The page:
Weather Blog

High pressure equals....rain?

High pressure equals....rain?
A drizzly day in Portland.
A few astute observers noticed Sunday that it rained a bit across the region, despite their home barometers solidly pointing into the "fair" category.

Indeed, atmospheric pressures right now are about as high as they get around here as a big ridge of high pressure builds in.  Typically, that spells a mix of fog and sunshine, but it rained enough to measure on Sunday.

For specifics: It rained in Portland around 5 a.m. Sunday morning with a current reading of 30.72" (1040.3 mb).  A few hours later, it rained in Seattle with a pressure of 30.65" (1038.7 mb). (Nice to know meteorologists will still be needed to help expand on those barometers' helpful forecasts of "stormy", "change" and "fair" :))

How can it do that? Isn't it supposed to be sunny when the pressure is this high? Most of the time, yes. And actually, most of the atmosphere was quite dry and primed for sun.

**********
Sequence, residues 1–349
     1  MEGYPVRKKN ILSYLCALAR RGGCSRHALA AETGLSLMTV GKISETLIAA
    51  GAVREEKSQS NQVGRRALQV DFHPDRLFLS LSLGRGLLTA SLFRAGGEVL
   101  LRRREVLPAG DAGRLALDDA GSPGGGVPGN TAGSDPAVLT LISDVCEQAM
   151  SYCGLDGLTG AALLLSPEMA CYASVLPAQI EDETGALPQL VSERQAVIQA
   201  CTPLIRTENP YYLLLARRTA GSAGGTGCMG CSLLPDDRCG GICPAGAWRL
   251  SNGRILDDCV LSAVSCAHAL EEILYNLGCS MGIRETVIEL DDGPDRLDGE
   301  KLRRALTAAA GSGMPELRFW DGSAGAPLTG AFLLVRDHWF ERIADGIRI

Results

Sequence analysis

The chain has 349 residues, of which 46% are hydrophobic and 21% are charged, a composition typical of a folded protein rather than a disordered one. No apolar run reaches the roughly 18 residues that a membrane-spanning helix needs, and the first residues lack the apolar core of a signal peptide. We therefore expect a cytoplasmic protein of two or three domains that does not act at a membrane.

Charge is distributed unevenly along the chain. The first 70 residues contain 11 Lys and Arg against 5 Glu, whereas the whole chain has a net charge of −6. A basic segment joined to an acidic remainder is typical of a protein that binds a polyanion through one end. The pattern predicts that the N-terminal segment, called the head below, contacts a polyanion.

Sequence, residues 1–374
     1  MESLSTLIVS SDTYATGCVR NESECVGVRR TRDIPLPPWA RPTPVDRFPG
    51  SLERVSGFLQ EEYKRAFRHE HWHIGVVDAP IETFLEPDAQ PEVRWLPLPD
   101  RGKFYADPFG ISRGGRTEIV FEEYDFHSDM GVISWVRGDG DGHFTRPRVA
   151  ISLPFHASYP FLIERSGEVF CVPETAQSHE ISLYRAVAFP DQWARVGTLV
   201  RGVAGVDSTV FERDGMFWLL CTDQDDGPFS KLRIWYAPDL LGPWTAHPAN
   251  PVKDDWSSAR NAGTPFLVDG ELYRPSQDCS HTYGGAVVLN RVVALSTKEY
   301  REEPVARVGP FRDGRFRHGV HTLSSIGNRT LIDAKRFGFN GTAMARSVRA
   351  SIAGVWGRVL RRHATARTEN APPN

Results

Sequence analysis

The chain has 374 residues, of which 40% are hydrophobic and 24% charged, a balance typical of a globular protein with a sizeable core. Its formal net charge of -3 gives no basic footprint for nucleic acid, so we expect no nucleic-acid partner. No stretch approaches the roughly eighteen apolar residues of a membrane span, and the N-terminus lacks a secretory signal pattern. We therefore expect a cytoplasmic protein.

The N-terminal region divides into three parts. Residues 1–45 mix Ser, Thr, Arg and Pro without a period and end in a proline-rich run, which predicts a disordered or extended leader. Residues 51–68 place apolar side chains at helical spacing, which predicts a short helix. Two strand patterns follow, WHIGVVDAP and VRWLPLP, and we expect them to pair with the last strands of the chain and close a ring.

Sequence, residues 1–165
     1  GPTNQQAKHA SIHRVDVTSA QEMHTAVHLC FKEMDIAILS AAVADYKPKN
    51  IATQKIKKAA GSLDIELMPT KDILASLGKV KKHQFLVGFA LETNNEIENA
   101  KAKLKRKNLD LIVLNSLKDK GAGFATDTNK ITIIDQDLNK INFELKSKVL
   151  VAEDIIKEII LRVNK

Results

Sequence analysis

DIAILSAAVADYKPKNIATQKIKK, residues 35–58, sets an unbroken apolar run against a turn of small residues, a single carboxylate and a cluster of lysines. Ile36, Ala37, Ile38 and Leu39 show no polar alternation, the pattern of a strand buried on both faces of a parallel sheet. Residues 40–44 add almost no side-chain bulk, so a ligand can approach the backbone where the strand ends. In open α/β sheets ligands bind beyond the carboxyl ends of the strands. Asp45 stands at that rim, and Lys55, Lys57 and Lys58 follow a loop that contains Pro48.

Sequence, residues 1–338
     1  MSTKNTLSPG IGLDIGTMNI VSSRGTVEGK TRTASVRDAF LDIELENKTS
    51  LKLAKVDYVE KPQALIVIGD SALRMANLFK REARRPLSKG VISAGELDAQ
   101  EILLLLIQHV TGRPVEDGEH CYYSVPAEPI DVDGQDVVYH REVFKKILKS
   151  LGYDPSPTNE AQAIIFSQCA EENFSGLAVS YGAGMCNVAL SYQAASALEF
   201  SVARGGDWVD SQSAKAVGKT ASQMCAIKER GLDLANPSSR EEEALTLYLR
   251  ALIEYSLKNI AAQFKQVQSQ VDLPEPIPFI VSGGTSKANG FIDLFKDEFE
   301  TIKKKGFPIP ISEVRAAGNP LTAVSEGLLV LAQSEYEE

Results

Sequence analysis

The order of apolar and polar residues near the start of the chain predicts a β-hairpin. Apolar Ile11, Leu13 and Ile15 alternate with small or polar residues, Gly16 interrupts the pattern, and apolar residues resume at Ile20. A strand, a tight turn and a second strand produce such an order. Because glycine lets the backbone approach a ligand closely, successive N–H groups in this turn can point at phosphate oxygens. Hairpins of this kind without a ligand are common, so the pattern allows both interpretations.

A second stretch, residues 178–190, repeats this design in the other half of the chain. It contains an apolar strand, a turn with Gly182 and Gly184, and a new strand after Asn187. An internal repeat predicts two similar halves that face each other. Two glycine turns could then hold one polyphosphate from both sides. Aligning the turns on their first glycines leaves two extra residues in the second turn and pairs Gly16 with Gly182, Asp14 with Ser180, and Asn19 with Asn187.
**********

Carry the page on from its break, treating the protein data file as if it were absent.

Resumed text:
But in this case, we had some warm air from the budding ridge moving over some lingering cold air from the wake of our flooding storms. That created some low level clouds and just enough lift to squeeze out a little rain. But it was a near-surface event. A few thousand feet up, it was much drier.

From here on out, it'll be more typical high pressure weather -- fog and/or sunshine. The fog could be dense enough to squeeze out a little mist or drizzle (or, if you're reading this in your head, "drizzle or mist," lest you read that as "Mr. Drizzle"), but not enough to cause any issues.

As to why some fog on what would normally be sunny days, check out our Weather FAQ entry on inversions and I'll do a more in depth blog entry on inversions later this week.